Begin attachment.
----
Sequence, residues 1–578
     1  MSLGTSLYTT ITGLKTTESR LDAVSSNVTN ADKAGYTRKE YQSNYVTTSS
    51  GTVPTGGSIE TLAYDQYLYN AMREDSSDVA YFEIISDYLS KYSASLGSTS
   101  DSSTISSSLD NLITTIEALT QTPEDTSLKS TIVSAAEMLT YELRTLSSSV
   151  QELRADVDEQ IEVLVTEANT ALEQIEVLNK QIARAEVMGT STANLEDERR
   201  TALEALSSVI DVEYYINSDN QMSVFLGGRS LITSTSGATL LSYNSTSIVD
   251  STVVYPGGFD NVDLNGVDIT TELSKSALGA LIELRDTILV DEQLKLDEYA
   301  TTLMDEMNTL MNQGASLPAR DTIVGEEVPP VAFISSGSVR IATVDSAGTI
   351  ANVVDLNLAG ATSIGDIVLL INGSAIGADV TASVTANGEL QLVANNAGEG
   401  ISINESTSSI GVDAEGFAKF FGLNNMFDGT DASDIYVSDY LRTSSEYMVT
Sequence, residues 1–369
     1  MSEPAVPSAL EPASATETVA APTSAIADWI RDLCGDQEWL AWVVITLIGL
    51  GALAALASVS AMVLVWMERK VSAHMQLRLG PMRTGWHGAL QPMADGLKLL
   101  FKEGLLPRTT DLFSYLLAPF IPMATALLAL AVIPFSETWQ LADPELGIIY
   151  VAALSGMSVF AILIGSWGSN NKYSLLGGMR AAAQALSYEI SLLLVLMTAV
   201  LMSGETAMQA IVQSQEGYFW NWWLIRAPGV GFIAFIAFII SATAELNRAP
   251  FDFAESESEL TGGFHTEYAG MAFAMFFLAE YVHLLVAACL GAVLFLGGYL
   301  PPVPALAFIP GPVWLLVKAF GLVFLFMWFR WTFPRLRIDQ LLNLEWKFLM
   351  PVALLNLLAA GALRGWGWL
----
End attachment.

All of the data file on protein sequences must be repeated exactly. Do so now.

Sequence, residues 1–578
     1  MSLGTSLYTT ITGLKTTESR LDAVSSNVTN ADKAGYTRKE YQSNYVTTSS
    51  GTVPTGGSIE TLAYDQYLYN AMREDSSDVA YFEIISDYLS KYSASLGSTS
   101  DSSTISSSLD NLITTIEALT QTPEDTSLKS TIVSAAEMLT YELRTLSSSV
   151  QELRADVDEQ IEVLVTEANT ALEQIEVLNK QIARAEVMGT STANLEDERR
   201  TALEALSSVI DVEYYINSDN QMSVFLGGRS LITSTSGATL LSYNSTSIVD
   251  STVVYPGGFD NVDLNGVDIT TELSKSALGA LIELRDTILV DEQLKLDEYA
   301  TTLMDEMNTL MNQGASLPAR DTIVGEEVPP VAFISSGSVR IATVDSAGTI
   351  ANVVDLNLAG ATSIGDIVLL INGSAIGADV TASVTANGEL QLVANNAGEG
   401  ISINESTSSI GVDAEGFAKF FGLNNMFDGT DASDIYVSDY LRTSSEYMVT
Sequence, residues 1–369
     1  MSEPAVPSAL EPASATETVA APTSAIADWI RDLCGDQEWL AWVVITLIGL
    51  GALAALASVS AMVLVWMERK VSAHMQLRLG PMRTGWHGAL QPMADGLKLL
   101  FKEGLLPRTT DLFSYLLAPF IPMATALLAL AVIPFSETWQ LADPELGIIY
   151  VAALSGMSVF AILIGSWGSN NKYSLLGGMR AAAQALSYEI SLLLVLMTAV
   201  LMSGETAMQA IVQSQEGYFW NWWLIRAPGV GFIAFIAFII SATAELNRAP
   251  FDFAESESEL TGGFHTEYAG MAFAMFFLAE YVHLLVAACL GAVLFLGGYL
   301  PPVPALAFIP GPVWLLVKAF GLVFLFMWFR WTFPRLRIDQ LLNLEWKFLM
   351  PVALLNLLAA GALRGWGWL